Joe Giordano || Assistant Sports Editor

UFC star Conor McGregor is known for his brash predictions and smack talk. He has become a legend on the Internet for his barbs thrown at opponents before his fights and his confidence heading into them. He has famously called himself “Mystic Mac” because he has quite frequently, in the past, predicted the round in which he would finish his opponent off. When some doubted these predictions, he would cockily rebut, “Have I been wrong yet?” Yes McGregor, you were finally wrong. You were wrong big time!

This weekend at UFC 196, McGregor was defeated by Nate Diaz via rear naked choke in the second round of their main event fight. While this was considered a giant upset to many, to me it came as no surprise. While McGregor has captivated the masses with his trash talk and quick knockouts, I would tell anyone who would listen that his success was circumstantial and that eventually his luck would run out. And on Saturday night, it
finally happened.

What bothered me the most about McGregor and the hype around him was the people who were showering him with praise were the uninformed mixed martial arts fans. I myself am an avid fan of the UFC and personally have not missed a card in over two years. Whether it is a fight between two lesser-known fighters or fights of the magnitude of Diaz versus McGregor, I can guarantee I will be tuning in and enjoying the sport I love so much. Yes, McGregor is an extremely talented individual who has the gift of promoting a fight in a way that has not been seen since the days of
Muhammad Ali.

However, the claims coming into this fight that McGregor was the pound-for-pound greatest fighter in the world were far-fetched. They mainly came from people on the Internet who watched his funny pre-fight antics and saw his wins at face value, not from people with knowledge or evidence to defend their points. While each of his fights has ended in devastating fashion, they have been mainly due to his ability to psych people out before a fight and get them off their game plan, not by his overall skills and ability. His fight with José Aldo is a perfect example of McGregor defeating a person who was much more skilled than him, but was mentally beaten before the fight started because of McGregor’s pre-fight antics.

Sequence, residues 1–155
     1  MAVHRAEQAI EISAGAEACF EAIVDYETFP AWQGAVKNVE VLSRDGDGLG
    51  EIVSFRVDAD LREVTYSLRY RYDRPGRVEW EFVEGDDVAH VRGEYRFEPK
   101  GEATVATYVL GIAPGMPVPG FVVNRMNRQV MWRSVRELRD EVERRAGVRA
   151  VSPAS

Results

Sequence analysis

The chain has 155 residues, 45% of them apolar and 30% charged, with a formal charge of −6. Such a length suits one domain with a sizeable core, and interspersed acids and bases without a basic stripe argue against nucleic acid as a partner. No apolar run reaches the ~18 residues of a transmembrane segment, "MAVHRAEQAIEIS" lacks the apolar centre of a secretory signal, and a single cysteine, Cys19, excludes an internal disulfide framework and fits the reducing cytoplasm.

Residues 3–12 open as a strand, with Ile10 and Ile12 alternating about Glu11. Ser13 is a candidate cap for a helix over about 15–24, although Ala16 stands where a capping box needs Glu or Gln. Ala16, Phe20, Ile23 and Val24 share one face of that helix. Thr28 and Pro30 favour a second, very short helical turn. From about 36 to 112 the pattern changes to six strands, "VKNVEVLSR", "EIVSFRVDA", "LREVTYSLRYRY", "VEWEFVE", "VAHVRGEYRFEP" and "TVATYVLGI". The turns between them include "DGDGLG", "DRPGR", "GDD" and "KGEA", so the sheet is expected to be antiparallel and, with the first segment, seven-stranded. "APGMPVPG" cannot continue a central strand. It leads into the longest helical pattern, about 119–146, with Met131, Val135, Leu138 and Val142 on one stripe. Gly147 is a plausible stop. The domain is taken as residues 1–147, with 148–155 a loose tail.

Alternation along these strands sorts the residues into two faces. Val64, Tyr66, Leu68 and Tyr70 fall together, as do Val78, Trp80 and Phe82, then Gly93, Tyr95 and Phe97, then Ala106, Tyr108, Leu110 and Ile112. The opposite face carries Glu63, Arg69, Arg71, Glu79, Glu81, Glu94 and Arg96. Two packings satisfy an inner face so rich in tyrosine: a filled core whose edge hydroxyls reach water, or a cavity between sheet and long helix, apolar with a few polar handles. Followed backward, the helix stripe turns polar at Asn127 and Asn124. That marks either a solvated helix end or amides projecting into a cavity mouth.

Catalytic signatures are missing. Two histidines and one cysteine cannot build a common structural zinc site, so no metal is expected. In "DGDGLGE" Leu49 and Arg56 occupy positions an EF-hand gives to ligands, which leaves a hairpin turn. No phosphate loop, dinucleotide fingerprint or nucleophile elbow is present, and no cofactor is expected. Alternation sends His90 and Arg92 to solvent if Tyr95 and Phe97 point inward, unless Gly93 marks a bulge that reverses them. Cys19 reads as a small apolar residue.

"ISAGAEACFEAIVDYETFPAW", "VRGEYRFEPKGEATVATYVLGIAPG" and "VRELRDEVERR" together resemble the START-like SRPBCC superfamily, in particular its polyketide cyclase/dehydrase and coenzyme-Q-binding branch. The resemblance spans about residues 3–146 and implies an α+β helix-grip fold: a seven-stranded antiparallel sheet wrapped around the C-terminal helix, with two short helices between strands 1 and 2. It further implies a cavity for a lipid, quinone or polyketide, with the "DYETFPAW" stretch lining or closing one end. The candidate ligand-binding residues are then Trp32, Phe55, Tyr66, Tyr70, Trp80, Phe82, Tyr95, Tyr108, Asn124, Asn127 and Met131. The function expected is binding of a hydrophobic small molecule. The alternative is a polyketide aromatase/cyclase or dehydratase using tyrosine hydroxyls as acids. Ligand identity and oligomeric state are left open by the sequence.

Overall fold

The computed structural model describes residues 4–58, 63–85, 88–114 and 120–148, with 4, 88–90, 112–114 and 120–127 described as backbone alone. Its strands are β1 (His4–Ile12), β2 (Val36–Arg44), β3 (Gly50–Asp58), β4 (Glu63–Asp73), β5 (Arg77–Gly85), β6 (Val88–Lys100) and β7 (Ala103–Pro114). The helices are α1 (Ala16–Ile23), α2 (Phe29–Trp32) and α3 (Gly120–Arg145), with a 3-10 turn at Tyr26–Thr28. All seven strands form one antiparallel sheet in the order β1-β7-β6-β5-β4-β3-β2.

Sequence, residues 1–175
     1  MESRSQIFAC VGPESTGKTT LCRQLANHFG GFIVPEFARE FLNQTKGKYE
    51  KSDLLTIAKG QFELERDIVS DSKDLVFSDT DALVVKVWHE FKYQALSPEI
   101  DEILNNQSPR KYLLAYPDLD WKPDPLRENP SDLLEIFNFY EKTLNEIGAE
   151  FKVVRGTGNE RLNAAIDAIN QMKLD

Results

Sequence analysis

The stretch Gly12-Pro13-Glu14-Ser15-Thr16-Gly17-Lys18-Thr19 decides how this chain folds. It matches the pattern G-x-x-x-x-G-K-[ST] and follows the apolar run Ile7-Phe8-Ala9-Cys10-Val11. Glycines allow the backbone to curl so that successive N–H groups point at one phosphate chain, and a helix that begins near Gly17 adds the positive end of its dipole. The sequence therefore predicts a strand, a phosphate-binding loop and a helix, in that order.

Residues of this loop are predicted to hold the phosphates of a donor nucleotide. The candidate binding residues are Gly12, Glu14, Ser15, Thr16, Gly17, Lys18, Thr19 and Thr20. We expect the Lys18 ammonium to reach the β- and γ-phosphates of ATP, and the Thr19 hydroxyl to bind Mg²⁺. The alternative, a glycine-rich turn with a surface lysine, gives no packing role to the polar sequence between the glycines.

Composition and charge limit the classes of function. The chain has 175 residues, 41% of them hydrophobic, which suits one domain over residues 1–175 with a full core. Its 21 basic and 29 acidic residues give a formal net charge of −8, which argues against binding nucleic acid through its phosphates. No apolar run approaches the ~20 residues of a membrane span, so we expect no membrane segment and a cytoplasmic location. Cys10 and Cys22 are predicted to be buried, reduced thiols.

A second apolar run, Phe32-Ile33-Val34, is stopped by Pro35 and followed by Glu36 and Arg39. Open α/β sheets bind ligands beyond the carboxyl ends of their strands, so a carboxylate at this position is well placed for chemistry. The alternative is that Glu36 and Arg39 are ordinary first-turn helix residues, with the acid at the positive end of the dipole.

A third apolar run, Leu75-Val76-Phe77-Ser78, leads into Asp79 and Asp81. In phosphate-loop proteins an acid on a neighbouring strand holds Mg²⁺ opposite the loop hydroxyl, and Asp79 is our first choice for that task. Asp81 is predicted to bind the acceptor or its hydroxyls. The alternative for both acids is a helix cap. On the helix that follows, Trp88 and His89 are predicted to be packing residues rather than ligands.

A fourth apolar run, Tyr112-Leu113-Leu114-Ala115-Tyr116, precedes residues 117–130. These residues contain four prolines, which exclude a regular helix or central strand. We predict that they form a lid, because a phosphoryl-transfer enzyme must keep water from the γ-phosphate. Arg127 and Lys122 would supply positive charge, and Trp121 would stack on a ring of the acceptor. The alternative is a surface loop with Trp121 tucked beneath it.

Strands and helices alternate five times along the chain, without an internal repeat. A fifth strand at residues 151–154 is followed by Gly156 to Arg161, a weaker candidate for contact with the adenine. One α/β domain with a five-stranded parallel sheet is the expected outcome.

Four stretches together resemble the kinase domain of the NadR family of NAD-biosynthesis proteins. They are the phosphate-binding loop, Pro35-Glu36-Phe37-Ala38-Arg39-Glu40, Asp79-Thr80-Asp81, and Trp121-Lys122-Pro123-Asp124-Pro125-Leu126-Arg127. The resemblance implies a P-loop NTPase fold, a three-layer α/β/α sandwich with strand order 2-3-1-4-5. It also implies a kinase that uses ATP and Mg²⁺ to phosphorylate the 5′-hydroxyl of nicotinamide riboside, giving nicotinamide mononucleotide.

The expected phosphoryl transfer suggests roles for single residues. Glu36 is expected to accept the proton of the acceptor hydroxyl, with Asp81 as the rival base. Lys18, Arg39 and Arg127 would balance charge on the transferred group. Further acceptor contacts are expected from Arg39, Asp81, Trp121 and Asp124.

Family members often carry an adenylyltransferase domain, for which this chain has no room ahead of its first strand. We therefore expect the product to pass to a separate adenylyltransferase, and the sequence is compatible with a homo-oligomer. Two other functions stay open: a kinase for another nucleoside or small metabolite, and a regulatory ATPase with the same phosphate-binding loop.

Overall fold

While most of the time this worked to his advantage, Nate Diaz did not fall into McGregor’s trap. For the first time, McGregor faced someone who was not mentally broken from his antics before the fight, and McGregor suffered because of it.    

While I truly believe McGregor is a fantastic fighter who deserves credit for his skills and accomplishments, hopefully after UFC 196, the hype around McGregor as being the next coming can finally be put to bed. Even the most casual fan can now realize what I have been saying for years: McGregor is an above average fighter who can utilize mental warfare unlike anyone else, but he is not a true mixed
martial arts great.

Sophomore Joe Giordano is the Assistant Sports Editor. His email is